I live on the edge of a nature preserve, and on Christmas Day I noticed a handful of bright green plants with ruby red berries blooming near my back yard. I was struck by the festive color combination, perfect for the holidays.
But that delight was dampened when after a little online sleuthing I realized they are Brazilian pepper trees, and, while attractive, they’re also toxic. A brush against the plant’s leaves can result in a rash similar to poison ivy and the berries are poisonous.
I live in Florida. These plants don’t belong here. Their home is South America but they somehow migrated past that wall Mexico was supposed to pay for and have taken root all over the Sunshine State infesting more than 700,000 acres. They are considered among the Florida’s most problematic invasive plant species.
Which got me thinking about other invasive species (apart from tourists), the most talked about of late being the massive Burmese python infestation of the Florida Everglades where the snakes appear to have decimated the small mammal population in the River of Grass.
And while contemplating that, I had an epiphany: There’s a funny word that rhymes with species. Which led me to wonder:
Do snakes poop?
Because if snakes defecate, then the Everglades must be awash in python poop by now. So wouldn’t that make python do-do—wait for it—invasive feces?
(I can’t hear you groaning so you might as well stop it.)
Well, snakes do poop. And so do worms.
I discovered this by Googling “invasive feces”—just to see if it’s a thing—and up popped an article about scientists who study earthworm excrement.
Yes, there are highly trained scientists, working diligently at taxpayer funded institutions of higher learning, studying the bowel movements of worms.
And as it turns out, not only are we plagued by invasive snakes, there are invasive worms, too, specifically a breed known as—and I would not lie about a matter as serious as this—jumping earthworms.
According to the authoritative website ScienceNews, they are also known as crazy worms, Alabama jumpers, and snake worms. Originally from eastern Asia, the worms have been spreading across America’s heartland and their poop is actually changing the composition of the soil—a matter of no small import to farmers—and they are voracious fallen-leaf eaters whose appetites are adversely impacting forests.
So while the expression “invasive feces” might make for a funny (if juvenile) pun, jumping worms are no laughing matter to mature adult scientists.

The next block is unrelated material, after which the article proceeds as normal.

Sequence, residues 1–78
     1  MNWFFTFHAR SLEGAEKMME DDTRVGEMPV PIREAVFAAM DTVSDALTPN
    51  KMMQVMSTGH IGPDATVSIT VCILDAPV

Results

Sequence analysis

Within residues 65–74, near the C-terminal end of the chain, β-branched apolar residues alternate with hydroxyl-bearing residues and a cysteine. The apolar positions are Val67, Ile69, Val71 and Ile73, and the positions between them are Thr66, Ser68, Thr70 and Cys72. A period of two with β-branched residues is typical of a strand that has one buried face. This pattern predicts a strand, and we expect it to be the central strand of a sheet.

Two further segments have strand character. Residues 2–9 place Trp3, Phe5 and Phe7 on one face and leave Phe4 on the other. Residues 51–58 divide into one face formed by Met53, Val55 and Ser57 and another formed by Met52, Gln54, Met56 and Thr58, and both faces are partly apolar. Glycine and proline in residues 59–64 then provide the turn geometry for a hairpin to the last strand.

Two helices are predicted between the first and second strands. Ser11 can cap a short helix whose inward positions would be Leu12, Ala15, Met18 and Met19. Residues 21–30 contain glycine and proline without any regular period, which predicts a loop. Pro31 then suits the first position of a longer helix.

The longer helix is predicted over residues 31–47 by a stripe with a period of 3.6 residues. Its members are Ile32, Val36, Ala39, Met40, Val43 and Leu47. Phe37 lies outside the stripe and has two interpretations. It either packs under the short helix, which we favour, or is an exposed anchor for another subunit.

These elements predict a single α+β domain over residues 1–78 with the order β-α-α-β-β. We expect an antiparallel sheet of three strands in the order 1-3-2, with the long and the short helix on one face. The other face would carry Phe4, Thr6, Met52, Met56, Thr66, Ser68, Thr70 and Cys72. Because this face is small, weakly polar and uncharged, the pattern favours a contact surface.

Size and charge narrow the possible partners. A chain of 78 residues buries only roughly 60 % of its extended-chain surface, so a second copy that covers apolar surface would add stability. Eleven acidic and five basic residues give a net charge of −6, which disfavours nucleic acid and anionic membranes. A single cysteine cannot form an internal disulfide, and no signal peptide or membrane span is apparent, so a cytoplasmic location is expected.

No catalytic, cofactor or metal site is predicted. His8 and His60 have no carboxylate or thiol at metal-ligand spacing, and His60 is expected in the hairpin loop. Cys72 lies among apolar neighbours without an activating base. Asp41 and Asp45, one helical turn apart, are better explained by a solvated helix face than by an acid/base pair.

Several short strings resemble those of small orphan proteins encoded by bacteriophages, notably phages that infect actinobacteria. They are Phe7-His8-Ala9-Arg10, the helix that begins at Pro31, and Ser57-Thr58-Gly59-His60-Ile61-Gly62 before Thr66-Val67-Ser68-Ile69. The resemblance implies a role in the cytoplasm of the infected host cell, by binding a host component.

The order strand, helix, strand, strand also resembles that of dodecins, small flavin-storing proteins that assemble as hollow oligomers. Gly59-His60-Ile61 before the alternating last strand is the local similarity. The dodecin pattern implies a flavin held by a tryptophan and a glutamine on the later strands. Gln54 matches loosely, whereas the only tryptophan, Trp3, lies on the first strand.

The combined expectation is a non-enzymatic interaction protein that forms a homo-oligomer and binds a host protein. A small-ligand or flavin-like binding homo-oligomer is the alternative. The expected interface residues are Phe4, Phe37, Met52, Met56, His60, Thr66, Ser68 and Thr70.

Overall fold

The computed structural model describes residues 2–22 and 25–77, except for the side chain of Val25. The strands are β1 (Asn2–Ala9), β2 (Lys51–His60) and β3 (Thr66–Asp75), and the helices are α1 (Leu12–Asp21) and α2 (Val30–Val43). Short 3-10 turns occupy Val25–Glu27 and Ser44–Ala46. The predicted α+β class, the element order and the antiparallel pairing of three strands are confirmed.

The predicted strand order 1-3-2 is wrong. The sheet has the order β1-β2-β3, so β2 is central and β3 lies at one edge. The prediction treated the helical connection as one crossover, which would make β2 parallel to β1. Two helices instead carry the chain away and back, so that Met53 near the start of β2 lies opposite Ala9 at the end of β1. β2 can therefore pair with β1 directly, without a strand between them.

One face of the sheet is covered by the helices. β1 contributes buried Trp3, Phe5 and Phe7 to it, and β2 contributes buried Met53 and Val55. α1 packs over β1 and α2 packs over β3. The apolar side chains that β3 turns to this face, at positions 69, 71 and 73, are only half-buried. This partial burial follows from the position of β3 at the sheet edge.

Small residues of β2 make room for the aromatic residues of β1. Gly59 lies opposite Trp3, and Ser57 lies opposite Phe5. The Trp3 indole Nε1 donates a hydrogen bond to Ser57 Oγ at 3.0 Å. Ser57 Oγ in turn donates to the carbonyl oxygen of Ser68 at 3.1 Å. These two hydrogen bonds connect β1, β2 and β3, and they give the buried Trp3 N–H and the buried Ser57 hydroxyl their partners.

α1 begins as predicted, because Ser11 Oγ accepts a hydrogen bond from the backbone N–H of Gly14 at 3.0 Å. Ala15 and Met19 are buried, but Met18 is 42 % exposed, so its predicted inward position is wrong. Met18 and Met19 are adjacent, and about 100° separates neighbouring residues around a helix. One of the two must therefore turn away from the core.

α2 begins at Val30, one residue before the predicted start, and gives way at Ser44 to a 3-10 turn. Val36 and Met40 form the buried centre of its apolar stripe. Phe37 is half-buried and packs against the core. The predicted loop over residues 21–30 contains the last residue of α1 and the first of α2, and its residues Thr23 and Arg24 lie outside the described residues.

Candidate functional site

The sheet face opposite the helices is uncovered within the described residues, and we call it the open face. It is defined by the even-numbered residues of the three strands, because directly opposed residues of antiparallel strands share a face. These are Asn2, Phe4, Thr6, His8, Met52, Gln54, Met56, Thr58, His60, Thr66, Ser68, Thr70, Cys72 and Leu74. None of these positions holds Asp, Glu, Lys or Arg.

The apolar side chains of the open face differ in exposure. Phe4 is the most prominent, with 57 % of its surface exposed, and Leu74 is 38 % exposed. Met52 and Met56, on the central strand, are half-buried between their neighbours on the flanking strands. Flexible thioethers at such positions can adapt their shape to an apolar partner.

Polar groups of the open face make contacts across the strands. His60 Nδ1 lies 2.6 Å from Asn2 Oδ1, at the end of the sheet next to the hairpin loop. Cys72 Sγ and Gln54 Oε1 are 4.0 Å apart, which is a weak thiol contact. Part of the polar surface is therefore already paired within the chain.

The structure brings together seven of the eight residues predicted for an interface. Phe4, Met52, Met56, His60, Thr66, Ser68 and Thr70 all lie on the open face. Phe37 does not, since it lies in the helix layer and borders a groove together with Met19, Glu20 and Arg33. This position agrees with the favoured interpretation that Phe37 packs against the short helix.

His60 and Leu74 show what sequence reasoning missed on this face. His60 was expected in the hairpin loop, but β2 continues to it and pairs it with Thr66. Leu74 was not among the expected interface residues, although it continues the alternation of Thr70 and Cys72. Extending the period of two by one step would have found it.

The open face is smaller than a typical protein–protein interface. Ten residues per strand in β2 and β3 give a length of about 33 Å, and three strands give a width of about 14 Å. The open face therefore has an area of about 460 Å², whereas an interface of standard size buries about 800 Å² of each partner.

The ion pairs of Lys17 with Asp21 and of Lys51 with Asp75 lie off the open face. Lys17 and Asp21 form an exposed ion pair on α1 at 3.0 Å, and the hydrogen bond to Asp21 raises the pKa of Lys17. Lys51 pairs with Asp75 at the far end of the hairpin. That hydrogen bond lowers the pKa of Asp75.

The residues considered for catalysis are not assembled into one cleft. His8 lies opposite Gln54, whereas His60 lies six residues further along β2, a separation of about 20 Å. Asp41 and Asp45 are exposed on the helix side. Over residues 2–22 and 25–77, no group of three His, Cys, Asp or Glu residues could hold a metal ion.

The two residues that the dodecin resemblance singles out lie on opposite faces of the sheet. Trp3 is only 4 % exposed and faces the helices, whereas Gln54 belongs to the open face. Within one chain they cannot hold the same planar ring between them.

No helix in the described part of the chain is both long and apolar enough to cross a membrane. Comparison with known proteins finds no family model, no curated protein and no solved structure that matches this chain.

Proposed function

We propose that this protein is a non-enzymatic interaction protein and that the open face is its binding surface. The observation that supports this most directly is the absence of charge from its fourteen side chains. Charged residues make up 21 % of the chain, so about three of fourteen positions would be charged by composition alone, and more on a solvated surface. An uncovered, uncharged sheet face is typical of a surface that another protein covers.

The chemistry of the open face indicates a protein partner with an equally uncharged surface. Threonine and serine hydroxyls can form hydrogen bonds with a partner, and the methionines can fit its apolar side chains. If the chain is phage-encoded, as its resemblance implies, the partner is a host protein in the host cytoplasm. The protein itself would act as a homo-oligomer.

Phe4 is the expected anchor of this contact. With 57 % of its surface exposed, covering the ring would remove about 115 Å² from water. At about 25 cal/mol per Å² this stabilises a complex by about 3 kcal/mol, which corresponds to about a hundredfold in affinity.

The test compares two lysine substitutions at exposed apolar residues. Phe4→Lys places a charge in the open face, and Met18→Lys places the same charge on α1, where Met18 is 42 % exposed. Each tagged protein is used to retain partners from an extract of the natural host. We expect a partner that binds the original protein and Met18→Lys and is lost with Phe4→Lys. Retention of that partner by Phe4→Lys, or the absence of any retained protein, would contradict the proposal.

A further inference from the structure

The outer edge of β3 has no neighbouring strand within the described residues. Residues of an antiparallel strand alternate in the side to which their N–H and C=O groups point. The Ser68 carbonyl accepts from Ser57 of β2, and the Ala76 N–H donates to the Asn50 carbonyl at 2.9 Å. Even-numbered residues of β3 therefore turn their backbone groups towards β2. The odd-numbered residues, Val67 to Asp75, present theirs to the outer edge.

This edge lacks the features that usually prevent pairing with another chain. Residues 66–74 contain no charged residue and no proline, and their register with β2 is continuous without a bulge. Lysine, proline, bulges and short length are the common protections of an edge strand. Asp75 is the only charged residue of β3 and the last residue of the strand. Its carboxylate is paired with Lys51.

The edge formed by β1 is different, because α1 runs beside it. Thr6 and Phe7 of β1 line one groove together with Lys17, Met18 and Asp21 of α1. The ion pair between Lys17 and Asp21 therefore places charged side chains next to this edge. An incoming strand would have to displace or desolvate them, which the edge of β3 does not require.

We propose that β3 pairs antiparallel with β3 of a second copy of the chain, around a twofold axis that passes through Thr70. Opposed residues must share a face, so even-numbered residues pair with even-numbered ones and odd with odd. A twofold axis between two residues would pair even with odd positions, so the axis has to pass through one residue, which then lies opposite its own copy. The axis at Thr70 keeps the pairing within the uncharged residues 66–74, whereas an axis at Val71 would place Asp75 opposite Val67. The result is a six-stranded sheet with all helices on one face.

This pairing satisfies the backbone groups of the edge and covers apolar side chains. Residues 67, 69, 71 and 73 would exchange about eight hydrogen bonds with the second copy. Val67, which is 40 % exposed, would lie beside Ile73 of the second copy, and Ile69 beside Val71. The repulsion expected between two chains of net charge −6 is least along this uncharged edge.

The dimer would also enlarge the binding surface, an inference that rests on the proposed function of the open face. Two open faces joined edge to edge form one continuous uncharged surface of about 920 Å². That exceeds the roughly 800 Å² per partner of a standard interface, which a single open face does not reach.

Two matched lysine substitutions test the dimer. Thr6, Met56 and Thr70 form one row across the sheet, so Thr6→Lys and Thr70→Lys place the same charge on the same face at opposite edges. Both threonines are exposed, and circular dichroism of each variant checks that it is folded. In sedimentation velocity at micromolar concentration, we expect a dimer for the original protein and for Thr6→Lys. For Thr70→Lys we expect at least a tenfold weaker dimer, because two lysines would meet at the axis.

But, really, can you imagine? And do they really jump?
Well, yes they do, in a manner of speaking. When you pester them, they coil up like a rattlesnake and lunge, which, technically, is not the same thing as jumping—you need legs and Air Jordans to properly jump, after all, but let’s not get hung up on technicalities.
Jumping worms leave behind little balls of feces, which is normal for worms, I learned. Indeed, one of the scientists quoted in the ScienceNews article confessed that “a lot of soil I look at is worm poop.”
Something to consider the next time you’re tempted to cavort outdoors in your bare feet.
The problem with jumping worms is that their poop tends to concentrate all manner of undesirable elements, such as heavy metals, and as these worms spread (they are called invasive for a reason) they are changing the chemistry of the soil in which we grow our food.
So, yeah, maybe it’s not such an outlandish idea that we study these little wrigglies.
The big problem with all invasives is that they tend to crowd out native inhabitants, both plants and animals, altering our ecology, usually not for the better.
All too often, we have only ourselves to blame. Another invasive species—poisonous cane toads—were imported to Florida by sugar farmers to eat bugs. Now they’ve spread throughout the state and the secretions on their warty hides are toxic, the victims of that poison often curious household pets who end up at the vet—and many do not survive.
Brazilian peppertrees, too, were smuggled here as decorative shrubs because they are so pretty. Then things got out of hand, as they often do when you mess with Mother Nature.
And like most invasives, they are hard to kill.
Florida now hosts annual python hunts in an effort to trim the snake population, a foredoomed exercise akin to equipping hunters with flyswatters to eradicate mosquitos.
That’s the problem with invasions: There are limited defenses and victory is often not defined by defeating them but by trying to limit their damage.
My neighborhood homeowners association recently paid professional frog hunters (yes, it’s a thing) to prowl our streets in an effort to cut back on the cane toads, which breed in our (manmade) ponds and can be found squished on our streets, fresh kills appearing nightly.
The frog hunters claimed to have killed hundreds. But in short order the toads were back, croaking and threatening neighborhood pets.
One of my neighbors, a non-native species, herself, from New Jersey, has turned this threat into a nightly pastime. She and a handful of other neighborhood women venture out after dark with gloves and plastic bags and capture cane toads, then religiously follow the recommended euthanasia procedure:
- Carefully pick up toad, taking precautions not to allow the toxic goo they secret to get on your skin.
- Place them in sealable plastic bags.
- Walk them back to your kitchen and stuff them in the freezer.
Yep. That’s how we do it here in Florida. If you’re a cane toad unlucky enough to get captured by one of the neighborhood bounty hunters, your last memories will be of a freezer light going off and a sudden chill falling over your amphibious hide, goose bumps suddenly joining all those warts.
This is supposed to be humane.
Personally, I think we’re missing an opportunity here. Why not host a massive frog roundup, let them loose in the Glades, and see what happens when the pythons chow down on them?
What could go wrong?